An affordable dormitory district situated south of Thamesmead, which it prefigured. It is named after the ancient woodlands that surround the remains of Lesnes Abbey, founded in 1178.
The abbey’s site was close to a marsh that was prone to frequent flooding when the Thames overflowed its banks. The
monks had to maintain the river wall to prevent the floods, which allowed the development of a small settlement here. The
hamlet had only a hundred inhabitants when the North Kent Railway arrived and a small station opened in 1850, and its setting
remained rural for the rest of that century. To the south, the Royal Arsenal Co-operative Society began building the Bostall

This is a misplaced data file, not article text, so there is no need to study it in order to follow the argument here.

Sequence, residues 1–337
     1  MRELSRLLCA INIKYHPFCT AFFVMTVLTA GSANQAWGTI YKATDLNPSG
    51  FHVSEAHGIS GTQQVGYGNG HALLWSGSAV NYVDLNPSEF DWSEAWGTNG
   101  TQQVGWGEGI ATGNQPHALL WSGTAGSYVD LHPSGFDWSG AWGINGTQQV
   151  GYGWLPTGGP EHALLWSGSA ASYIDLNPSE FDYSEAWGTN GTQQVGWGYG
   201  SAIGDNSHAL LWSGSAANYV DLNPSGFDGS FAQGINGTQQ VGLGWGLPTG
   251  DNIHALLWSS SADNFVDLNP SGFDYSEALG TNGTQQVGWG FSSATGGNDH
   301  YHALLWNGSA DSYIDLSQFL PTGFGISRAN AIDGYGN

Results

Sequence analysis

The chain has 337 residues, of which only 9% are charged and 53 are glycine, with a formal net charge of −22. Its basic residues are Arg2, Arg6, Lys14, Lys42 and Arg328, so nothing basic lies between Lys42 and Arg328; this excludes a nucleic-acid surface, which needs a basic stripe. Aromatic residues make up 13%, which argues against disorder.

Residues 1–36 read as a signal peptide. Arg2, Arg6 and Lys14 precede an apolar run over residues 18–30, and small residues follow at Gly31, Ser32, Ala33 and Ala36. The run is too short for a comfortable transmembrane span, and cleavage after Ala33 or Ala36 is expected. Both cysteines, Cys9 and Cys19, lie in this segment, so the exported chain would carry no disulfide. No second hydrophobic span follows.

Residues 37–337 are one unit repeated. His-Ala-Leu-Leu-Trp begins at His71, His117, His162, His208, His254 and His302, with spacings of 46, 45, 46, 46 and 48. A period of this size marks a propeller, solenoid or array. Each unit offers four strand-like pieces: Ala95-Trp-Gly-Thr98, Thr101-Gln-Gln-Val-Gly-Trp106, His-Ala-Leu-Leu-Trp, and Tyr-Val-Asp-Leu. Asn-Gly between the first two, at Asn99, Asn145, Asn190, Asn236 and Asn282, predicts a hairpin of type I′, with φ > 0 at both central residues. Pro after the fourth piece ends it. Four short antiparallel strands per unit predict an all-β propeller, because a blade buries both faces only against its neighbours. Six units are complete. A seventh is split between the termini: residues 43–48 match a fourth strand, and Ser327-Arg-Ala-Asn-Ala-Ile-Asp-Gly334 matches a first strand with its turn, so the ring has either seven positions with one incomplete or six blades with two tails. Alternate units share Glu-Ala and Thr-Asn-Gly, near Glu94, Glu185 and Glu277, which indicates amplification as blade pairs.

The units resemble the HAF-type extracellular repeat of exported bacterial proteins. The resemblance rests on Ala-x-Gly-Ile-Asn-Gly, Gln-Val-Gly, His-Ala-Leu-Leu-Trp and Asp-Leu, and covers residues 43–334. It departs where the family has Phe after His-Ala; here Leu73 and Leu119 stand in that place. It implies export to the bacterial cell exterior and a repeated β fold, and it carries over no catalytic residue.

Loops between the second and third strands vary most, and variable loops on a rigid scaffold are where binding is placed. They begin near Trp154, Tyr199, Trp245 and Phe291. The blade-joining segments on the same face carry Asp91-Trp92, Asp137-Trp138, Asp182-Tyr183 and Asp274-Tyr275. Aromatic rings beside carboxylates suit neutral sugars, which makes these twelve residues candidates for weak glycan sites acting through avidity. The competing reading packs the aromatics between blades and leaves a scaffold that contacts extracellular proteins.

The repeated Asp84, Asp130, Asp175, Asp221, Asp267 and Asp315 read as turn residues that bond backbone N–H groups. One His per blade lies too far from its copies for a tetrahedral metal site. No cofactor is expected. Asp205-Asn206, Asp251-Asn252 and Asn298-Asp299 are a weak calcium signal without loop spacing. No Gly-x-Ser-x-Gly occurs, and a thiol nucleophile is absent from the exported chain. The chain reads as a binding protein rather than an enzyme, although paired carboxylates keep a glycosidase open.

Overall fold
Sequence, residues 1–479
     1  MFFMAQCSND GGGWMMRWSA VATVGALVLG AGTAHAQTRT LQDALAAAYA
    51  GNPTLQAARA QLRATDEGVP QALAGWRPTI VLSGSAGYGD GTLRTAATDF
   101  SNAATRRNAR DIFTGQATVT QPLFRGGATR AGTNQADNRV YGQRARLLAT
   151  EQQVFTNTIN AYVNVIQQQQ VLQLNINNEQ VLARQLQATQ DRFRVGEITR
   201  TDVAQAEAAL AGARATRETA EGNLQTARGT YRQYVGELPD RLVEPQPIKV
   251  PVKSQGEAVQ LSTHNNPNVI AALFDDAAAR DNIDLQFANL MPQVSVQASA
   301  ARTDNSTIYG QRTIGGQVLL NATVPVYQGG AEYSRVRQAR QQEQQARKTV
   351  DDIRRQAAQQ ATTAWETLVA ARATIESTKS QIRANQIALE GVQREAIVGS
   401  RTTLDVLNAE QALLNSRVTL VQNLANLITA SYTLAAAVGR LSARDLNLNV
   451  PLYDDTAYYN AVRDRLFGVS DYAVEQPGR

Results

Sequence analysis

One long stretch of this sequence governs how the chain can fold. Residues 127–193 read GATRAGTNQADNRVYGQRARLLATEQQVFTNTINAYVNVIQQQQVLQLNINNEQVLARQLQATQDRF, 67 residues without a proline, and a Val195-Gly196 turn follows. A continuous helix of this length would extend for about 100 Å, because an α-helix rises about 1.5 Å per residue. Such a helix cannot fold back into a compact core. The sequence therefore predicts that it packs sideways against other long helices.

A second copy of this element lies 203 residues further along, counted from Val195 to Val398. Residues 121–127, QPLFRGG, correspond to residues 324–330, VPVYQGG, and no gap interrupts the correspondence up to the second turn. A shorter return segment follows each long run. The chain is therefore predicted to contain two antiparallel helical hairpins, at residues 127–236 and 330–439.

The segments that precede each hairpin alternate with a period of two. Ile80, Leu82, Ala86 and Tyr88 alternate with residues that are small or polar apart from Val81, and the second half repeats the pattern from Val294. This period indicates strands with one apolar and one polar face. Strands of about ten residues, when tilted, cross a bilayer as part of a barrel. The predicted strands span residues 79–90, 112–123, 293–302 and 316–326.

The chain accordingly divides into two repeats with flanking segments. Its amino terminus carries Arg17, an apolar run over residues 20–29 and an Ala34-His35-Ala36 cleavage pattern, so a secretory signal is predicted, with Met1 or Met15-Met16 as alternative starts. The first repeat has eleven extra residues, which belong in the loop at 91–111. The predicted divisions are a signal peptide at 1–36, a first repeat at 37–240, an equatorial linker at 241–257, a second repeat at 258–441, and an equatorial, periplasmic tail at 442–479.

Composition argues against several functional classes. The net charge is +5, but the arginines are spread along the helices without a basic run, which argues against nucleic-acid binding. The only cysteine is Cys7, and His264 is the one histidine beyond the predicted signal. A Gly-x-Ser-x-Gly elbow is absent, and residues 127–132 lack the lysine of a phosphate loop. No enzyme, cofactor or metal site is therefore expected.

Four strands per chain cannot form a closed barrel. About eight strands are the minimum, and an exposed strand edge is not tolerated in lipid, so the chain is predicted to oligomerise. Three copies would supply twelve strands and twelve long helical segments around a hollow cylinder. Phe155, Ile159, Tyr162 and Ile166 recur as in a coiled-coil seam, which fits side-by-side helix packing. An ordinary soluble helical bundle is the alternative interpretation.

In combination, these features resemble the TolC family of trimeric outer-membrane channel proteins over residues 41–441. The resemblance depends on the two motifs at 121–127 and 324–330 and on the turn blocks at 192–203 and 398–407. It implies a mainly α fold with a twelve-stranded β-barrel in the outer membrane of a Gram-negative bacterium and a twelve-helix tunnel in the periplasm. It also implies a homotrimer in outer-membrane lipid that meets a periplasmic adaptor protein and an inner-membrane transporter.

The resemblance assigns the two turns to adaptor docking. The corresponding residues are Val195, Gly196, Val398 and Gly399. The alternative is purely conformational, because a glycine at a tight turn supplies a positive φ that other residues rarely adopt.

estate from about 1900. Further expansion came with the construction of a tram depot, which was subsequently converted to
a bus garage. In the 1950s land sales by the shrinking Woolwich Arsenal allowed the council to build the Abbey Wood estate
on land west of Harrow Manor Way. For a while the estate was a boom town, with industry and more housing piling in. Local
amenities followed, but only after pressure from community activists. Half the households are now owner-occupied and Abbey
Wood constitutes a useful first step on the ladder for cash-strapped home buyers, especially those with children.